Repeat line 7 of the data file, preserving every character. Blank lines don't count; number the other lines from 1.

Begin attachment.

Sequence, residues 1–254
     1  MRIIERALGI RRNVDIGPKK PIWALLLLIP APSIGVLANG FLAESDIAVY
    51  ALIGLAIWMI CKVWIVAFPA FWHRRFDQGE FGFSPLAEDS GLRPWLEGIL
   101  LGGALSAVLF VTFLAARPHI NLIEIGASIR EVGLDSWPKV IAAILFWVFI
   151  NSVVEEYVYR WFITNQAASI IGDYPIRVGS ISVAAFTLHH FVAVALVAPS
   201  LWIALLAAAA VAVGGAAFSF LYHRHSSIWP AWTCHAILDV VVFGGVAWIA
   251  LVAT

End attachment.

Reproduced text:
   251  LVAT